PHP Deployment with Capistrano

This blog post explains how to use Capistrano to deploy PHP, including some tips for integration with Jenkins.

Background

Back when I worked at Imagini, we used the home-baked Cruftly Cloudly deployment system (built by @pikesley) to roll releases. It had some nice features:

  • new code had to be pushed to staging first (as a release candidate)
  • final deploys were always against the exact release candidate
  • it would release to a bunch of machines in one hit, with symlinks switched at the end
  • from a developer perspective, it was “push button” (we just ran a script that requested a deploy of our code)
  • it presented an ASCII art dinosaur upon successful release

Once I’d moved on I was keen to recreate the Cloudly experience, but I didn’t want to have to hand-craft my own solution. Luckily Capistrano now exists which provides a very handy tool to deploy code from SCM to one or more servers.

Cruftosaurus

What is Capistrano?

Capistrano is a developer tool for deploying web applications”

Capistrano is written in Ruby and offers up a basic DSL from which you can craft quite flexible deployment scripts. Typically, the deploy process would be to deploy a particular version (branch, commit etc.) from SCM to one or more boxes (into a new folder on the server), then switch a symlink so that they all immediately run off the new code. Support for instant rollback is provided. That said, it’s very flexible. In my current setup I have it deploying to multiple environments (dev, staging, production), building code (think Phing), running tests on the servers before finalising the deploy and then restarting worker processes on completion.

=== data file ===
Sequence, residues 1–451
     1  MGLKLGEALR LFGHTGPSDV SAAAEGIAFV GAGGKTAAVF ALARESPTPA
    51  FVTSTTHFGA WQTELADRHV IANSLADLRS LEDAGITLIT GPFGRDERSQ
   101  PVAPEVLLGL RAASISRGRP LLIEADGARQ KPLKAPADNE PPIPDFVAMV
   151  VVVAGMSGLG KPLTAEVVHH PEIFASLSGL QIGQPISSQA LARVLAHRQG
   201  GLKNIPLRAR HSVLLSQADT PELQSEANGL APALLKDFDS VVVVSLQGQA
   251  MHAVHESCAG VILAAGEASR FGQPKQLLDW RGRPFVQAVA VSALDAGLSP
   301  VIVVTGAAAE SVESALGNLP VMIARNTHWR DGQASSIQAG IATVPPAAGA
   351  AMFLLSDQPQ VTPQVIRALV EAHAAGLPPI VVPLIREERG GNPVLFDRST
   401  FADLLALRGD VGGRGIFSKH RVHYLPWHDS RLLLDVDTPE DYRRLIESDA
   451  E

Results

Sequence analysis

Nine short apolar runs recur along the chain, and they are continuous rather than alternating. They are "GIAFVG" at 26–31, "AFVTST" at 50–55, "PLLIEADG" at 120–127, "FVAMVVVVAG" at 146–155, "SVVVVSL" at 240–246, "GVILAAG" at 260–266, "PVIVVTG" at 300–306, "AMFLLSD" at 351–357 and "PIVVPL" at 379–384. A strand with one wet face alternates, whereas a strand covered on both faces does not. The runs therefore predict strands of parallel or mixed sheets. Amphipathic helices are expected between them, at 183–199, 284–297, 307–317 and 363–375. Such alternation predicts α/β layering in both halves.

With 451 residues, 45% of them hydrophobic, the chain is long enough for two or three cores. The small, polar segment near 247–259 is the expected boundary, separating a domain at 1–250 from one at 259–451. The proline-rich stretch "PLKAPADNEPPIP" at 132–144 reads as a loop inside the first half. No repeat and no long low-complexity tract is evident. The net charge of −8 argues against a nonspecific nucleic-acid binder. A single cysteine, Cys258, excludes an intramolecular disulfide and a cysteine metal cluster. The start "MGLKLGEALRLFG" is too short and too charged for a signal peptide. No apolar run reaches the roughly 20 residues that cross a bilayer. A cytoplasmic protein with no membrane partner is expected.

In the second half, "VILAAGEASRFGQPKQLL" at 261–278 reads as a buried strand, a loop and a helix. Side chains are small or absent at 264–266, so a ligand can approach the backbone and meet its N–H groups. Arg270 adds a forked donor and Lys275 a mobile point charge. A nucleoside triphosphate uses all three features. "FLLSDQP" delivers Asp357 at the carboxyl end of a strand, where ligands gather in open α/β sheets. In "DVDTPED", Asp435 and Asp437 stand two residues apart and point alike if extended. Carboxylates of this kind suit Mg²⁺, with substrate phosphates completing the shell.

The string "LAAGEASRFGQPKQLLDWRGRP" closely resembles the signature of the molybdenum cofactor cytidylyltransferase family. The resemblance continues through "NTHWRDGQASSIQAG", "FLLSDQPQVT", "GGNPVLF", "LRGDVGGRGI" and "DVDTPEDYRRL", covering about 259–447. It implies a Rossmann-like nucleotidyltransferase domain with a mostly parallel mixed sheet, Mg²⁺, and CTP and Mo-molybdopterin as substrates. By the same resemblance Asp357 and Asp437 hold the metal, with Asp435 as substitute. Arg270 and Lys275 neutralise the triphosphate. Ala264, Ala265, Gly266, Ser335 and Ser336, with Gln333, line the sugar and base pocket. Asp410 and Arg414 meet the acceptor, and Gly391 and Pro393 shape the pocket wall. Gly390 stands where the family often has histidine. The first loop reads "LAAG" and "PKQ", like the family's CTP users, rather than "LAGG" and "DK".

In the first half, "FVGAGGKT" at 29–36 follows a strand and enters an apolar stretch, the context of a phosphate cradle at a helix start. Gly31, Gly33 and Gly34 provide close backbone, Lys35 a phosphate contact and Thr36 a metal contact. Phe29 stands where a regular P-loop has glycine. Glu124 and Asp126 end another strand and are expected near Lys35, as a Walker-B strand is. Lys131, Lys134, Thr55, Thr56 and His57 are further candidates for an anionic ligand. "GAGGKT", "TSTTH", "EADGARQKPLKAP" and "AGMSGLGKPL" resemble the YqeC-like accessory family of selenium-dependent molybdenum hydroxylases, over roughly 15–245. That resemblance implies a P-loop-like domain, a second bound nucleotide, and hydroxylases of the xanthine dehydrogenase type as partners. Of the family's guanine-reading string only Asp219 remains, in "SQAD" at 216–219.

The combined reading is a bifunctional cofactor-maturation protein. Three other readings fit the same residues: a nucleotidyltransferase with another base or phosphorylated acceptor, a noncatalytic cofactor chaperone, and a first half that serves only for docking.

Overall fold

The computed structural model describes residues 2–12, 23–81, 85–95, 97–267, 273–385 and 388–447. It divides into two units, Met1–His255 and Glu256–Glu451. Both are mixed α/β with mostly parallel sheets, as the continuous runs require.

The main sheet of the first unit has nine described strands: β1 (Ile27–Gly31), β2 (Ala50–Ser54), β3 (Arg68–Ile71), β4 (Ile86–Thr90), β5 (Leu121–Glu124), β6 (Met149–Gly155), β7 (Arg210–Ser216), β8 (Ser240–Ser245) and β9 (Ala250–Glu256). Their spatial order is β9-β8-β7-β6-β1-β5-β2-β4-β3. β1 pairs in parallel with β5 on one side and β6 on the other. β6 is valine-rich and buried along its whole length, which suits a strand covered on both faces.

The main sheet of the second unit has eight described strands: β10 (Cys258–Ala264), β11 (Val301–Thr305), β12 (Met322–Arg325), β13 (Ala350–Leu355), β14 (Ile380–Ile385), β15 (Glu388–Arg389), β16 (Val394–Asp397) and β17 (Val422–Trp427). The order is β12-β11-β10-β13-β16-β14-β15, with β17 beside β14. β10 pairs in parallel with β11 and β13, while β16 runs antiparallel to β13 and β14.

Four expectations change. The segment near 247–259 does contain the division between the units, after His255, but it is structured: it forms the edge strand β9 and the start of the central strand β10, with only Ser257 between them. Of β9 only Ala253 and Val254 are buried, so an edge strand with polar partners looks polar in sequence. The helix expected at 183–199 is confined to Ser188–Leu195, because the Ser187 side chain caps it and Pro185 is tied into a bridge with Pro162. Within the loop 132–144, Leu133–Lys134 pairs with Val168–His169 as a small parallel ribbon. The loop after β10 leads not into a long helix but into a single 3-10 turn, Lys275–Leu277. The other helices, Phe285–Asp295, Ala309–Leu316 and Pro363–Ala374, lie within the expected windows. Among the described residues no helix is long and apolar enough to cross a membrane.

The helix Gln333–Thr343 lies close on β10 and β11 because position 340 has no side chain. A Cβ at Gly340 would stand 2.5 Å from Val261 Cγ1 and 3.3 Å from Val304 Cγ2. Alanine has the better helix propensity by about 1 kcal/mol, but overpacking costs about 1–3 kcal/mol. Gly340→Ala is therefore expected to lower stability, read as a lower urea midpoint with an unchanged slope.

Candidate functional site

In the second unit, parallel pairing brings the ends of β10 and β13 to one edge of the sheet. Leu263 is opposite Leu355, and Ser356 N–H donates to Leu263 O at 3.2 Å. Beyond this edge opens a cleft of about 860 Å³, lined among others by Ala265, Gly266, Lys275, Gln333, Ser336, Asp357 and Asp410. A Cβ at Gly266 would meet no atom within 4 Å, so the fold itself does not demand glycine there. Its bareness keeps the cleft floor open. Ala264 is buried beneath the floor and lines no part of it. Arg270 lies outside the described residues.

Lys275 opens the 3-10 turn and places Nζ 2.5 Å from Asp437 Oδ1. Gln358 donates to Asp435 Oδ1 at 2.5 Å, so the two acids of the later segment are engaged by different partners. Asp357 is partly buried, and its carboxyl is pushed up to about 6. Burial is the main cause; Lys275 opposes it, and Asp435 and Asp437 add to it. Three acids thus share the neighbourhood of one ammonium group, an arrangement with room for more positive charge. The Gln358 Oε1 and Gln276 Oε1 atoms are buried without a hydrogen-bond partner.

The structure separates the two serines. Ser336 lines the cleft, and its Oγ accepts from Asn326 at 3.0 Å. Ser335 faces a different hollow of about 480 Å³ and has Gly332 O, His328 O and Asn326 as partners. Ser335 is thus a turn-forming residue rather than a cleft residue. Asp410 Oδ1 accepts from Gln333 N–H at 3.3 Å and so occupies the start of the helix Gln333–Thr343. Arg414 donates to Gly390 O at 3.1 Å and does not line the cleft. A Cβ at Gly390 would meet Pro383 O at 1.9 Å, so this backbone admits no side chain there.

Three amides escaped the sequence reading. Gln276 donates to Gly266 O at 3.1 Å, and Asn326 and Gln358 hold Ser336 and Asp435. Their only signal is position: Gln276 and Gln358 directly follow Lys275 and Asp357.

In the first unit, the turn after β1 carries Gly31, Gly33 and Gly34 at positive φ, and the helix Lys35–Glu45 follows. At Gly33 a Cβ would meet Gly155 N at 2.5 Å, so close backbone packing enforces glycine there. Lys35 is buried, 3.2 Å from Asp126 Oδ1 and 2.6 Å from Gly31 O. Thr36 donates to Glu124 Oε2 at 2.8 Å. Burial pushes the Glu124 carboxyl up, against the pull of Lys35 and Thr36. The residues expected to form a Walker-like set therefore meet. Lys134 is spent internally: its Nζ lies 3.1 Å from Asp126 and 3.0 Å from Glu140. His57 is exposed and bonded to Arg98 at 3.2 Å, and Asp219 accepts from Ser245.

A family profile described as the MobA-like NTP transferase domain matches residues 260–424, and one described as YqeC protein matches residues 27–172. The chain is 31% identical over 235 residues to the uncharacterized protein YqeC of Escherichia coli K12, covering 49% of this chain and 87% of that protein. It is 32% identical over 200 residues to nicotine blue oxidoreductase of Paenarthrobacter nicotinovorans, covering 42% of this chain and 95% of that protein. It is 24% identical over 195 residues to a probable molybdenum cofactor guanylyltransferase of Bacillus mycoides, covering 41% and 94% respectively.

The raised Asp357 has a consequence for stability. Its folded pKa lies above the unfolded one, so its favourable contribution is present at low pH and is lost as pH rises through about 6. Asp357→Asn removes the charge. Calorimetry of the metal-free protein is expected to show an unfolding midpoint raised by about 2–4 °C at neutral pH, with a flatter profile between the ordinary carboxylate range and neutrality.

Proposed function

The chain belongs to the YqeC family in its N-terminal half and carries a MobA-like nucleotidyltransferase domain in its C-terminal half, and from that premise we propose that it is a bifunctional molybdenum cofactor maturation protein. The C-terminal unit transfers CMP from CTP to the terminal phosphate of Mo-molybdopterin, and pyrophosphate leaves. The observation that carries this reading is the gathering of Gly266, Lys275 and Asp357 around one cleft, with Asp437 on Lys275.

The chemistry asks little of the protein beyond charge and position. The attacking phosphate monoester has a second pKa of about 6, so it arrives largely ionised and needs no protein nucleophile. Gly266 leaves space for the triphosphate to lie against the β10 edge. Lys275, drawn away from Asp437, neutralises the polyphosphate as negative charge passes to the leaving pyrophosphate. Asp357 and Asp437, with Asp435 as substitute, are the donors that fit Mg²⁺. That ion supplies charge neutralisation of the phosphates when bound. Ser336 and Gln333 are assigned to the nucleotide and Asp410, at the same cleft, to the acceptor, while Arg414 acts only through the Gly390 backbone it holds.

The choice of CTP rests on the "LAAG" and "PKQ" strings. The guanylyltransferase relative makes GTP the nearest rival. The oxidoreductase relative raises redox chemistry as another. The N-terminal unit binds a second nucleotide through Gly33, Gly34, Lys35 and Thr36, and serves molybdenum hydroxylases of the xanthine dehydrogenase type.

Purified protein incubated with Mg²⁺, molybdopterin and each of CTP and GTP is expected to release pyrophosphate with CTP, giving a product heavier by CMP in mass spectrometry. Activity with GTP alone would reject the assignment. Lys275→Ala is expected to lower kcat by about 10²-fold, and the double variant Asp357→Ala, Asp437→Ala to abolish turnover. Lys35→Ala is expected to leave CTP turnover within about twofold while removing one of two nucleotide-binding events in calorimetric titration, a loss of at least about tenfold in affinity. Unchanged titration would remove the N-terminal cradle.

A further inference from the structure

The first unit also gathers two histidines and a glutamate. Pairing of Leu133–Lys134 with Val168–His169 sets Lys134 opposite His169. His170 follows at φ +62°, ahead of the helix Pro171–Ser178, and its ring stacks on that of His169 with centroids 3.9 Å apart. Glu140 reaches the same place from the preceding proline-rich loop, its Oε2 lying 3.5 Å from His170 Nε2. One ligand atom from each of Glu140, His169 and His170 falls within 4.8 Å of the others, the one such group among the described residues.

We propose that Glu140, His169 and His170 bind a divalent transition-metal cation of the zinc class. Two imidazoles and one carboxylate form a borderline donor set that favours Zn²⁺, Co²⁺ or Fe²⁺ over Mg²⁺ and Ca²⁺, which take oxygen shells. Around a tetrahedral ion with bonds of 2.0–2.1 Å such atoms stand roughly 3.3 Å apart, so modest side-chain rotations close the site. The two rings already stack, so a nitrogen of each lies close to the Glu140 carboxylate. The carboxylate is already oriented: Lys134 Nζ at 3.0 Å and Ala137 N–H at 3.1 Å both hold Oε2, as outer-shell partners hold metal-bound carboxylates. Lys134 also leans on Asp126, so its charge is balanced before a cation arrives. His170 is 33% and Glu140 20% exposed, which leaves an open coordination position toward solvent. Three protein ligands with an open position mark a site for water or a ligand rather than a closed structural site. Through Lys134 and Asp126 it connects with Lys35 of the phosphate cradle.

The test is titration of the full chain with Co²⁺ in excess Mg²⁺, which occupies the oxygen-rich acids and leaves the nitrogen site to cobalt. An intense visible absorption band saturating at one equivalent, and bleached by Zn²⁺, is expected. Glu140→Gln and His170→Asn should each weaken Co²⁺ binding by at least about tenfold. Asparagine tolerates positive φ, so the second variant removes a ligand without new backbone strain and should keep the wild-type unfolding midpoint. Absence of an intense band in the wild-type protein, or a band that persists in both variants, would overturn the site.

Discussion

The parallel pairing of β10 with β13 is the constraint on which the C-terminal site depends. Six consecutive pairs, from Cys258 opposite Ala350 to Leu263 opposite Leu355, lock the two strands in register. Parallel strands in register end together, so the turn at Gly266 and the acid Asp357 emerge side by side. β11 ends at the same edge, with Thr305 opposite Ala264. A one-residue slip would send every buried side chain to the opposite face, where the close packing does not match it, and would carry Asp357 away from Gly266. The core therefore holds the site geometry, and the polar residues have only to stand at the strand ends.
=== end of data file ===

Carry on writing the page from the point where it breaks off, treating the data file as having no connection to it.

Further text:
All of this functionality is driven from a simple command line interface:

cap deploy
cap deploy:rollback

We can list all the available commands with:

cap -T
cap deploy               # Deploys your project.
cap deploy:check         # Test deployment dependencies.
cap deploy:cleanup       # Clean up old releases.
cap deploy:cold          # Deploys and starts a `cold' application.
cap deploy:migrations    # Deploy and run pending migrations.
cap deploy:pending       # Displays the commits since your last deploy.
cap deploy:pending:diff  # Displays the `diff' since your last deploy.
cap deploy:rollback      # Rolls back to a previous version and restarts.
cap deploy:rollback:code # Rolls back to the previously deployed version.
cap deploy:start         # Blank task exists as a hook into which to install ...
cap deploy:stop          # Blank task exists as a hook into which to install ...
cap deploy:symlink       # Updates the symlink to the most recently deployed ...
cap deploy:update        # Copies your project and updates the symlink.
cap deploy:update_code   # Copies your project to the remote servers.
cap deploy:upload        # Copy files to the currently deployed version.
cap deploy:web:disable   # Present a maintenance page to visitors.
cap deploy:web:enable    # Makes the application web-accessible again.